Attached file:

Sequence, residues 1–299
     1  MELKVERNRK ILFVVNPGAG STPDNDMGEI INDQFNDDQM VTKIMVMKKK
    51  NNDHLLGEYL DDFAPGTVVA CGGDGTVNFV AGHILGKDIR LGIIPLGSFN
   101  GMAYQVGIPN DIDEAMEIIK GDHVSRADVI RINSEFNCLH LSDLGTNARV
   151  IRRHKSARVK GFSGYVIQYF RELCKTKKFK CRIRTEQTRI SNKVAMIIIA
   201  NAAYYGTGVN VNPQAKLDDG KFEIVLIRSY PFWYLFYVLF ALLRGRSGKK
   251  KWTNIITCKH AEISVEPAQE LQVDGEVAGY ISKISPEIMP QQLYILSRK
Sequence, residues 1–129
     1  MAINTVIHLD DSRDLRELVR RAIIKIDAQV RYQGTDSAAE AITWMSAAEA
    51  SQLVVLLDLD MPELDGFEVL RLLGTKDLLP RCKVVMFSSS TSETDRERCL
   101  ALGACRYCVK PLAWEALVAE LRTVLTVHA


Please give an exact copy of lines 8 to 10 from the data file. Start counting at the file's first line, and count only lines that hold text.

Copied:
Sequence, residues 1–129
     1  MAINTVIHLD DSRDLRELVR RAIIKIDAQV RYQGTDSAAE AITWMSAAEA
    51  SQLVVLLDLD MPELDGFEVL RLLGTKDLLP RCKVVMFSSS TSETDRERCL